ORS 250.035(2) sets out the requirements for a ballot title caption, result statements, and summary for a state initiative measure. (2) This court reviews the Attorney General's ballot title for "substantial compliance with the requirements of ORS 250.035." ORS 250.085(5).

Petitioner Mabon challenges the caption, the result statements, and the summary of the ballot title. We have considered each of his challenges and conclude that none is well taken. We turn to petitioner Pulvers's challenges.

As with Mabon, Pulvers challenges each aspect of the ballot title. We begin with the caption, which Pulvers argues is deficient in two respects. First, he contends that the caption does not advise voters that the proposed measure will "replace or supercede the existing, constitutional oath for judges with a new oath." Second, he contends that the caption "selectively refers only to judicial interpretation of 'Law'" when the subject matter of the proposed measure is to place strict limits on judicial interpretation "both of the law and of the constitution."

Regarding Pulvers's first argument, the Attorney General responds that replacing existing oaths is the purpose of the proposed measure, not its subject matter and, therefore, it would be inappropriate to refer to existing oaths in the caption. Moreover, he asserts that "the phrase in the caption and summary, 'Amends Constitution,' reasonably informs the voters that the proposed measure (and hence, the proposed oath) either adds to, takes away, or changes what already is contained in the constitution" and that the caption appropriately sets out the substance of existing oaths. Regarding Pulvers's second argument, the Attorney General contends that the word "law" can be used to refer to all forms of positive law, including constitutional law. He argues that the caption therefore complies with the statutory standard.

The proposed measure provides that "every judge of Oregon law * * * shall publicly take and subscribe [to] * * * the following oath." The remainder of the proposed measure sets out the form of oath. The text of the proposed oath incorporates some of the wording of existing oaths, see, e.g., Or Const, Art VII (Amended), 7 (Supreme Court judges); Or Const, Art VII (Original), 10 (circuit court judges); ORS 1.635 (pro tempore judges); ORS 1.300(7) (senior judges); ORS 305.455 (Tax Court judge), but the proposed oath makes several additions: It adds the years in which the United States Constitution and the Oregon Constitution were adopted; it commits judges to "give allegiance to no other like jurisdiction, whether foreign or domestic"; it commits judges to "honor and maintain the separation of powers doctrine" and not to "use [their] official duties to create law from the bench"; and it commits judges, when interpreting the law, to "adhere strictly to the intent of the framers, both of the law and of the constitution" and to "defer to the legislative branch to provide" such intent "where [it] cannot be discerned."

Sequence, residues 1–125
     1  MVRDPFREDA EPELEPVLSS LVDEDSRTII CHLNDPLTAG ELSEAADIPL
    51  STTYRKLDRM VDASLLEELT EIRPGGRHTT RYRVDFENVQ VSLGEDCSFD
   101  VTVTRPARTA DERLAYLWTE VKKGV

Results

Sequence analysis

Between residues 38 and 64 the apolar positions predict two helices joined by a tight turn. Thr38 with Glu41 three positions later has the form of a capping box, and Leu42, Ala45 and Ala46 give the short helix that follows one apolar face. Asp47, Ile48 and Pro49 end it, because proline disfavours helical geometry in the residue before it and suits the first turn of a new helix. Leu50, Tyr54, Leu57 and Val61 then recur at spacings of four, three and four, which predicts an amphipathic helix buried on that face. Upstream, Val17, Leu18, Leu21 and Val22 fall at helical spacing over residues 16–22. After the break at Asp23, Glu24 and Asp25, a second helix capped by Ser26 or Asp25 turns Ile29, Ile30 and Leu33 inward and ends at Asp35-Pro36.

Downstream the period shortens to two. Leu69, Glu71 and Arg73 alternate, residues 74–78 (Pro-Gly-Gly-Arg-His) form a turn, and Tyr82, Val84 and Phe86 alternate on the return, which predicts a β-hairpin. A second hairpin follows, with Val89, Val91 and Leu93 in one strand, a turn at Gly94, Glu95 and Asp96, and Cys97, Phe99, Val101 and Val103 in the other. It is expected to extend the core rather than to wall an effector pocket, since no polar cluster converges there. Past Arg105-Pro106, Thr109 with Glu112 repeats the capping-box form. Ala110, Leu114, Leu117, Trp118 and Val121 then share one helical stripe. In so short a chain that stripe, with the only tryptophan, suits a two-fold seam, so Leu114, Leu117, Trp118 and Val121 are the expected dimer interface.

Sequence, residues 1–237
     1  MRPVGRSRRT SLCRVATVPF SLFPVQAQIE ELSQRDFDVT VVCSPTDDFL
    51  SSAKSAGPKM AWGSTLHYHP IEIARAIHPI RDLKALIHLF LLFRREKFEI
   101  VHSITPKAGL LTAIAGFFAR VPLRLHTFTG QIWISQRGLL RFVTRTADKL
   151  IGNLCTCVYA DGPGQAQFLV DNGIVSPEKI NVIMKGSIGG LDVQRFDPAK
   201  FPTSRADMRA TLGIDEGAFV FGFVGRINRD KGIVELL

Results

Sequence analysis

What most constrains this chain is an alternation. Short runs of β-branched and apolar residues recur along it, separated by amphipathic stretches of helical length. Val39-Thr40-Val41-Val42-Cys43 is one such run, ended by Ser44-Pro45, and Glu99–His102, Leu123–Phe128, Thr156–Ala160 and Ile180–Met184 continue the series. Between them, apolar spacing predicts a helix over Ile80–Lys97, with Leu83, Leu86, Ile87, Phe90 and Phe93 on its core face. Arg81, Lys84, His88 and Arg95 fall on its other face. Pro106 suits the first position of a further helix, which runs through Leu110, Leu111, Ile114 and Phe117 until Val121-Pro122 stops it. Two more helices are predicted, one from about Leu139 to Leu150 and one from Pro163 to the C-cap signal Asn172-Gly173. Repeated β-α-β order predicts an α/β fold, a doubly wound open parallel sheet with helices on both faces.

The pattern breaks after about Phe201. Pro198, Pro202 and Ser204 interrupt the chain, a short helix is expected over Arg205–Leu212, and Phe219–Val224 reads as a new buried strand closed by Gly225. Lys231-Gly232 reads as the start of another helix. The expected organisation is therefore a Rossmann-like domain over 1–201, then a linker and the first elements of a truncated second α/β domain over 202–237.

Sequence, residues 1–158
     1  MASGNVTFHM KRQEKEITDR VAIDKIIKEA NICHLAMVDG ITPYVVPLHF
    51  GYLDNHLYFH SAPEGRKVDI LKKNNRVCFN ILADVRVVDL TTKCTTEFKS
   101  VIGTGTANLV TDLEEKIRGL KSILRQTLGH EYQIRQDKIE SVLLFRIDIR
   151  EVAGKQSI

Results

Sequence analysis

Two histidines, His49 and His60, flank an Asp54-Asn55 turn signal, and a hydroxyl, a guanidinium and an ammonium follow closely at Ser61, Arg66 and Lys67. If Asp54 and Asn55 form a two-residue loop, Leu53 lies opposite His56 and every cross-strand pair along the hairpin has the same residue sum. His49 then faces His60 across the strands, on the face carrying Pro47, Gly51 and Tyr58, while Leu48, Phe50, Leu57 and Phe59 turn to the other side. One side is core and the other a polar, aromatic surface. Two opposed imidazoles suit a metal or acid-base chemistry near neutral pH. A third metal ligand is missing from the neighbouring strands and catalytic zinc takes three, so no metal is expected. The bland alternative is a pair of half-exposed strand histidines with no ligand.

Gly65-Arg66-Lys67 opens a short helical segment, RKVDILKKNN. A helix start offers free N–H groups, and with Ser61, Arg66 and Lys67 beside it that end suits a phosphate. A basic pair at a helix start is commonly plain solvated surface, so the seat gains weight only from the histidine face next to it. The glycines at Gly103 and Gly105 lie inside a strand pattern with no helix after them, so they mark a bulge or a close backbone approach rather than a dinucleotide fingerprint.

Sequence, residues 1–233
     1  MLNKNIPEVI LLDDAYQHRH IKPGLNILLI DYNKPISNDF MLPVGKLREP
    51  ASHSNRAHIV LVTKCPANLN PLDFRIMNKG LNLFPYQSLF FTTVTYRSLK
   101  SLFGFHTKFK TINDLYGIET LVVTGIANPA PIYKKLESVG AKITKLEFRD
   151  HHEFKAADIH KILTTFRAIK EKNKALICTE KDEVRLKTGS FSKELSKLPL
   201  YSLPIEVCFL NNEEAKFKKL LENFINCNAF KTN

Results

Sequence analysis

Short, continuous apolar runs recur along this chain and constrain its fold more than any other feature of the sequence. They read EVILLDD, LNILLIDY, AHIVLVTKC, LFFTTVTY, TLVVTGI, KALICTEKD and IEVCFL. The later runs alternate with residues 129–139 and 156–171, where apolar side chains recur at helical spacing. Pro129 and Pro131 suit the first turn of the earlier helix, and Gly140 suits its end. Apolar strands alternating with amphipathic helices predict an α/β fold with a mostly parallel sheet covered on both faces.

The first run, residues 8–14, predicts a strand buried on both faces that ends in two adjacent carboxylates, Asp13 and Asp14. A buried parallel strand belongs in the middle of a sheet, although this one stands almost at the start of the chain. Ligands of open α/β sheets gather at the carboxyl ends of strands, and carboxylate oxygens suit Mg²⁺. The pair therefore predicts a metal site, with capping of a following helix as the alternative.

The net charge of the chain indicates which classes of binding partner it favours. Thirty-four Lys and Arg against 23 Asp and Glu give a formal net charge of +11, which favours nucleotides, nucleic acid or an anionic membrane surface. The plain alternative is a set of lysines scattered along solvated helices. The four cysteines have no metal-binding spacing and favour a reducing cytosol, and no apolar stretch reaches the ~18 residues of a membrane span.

The subject matter of the proposed measure is the creation of a new oath for Oregon judges, the crux of which is to commit judges to the framers' intent regarding the Oregon and federal constitutions and to the legislature's intent regarding statutes. Pulvers is correct that the Attorney General's caption does not identify that subject matter reasonably. The caption gives no indication that the proposed measure creates a new oath that replaces or subsumes existing judicial oaths, or that the new oath commits judges to the framers' intent regarding constitutional law. The caption fails to comply substantially with the statutory requirement that it reasonably identify the subject matter of the proposed measure, and the Attorney General must modify it.

We turn to Pulvers's challenge to the "yes" and "no" vote result statements. He argues that those statements are defective for the same reasons that the caption is defective. He also asserts that the "yes" and "no" vote result statements refer to deference to the "legislature" when the proposed measure actually refers to deference to the "legislative branch" which, Pulvers claims, could include the people acting in a legislative capacity. The Attorney General concedes that, if Pulvers is correct that the caption must be modified, then conforming changes must be made to the "yes" and "no" vote result statements. However, the Attorney General argues that Pulvers did not raise his argument about the word "legislature" in his comments to the Secretary of State and, therefore, that this court should not address that argument.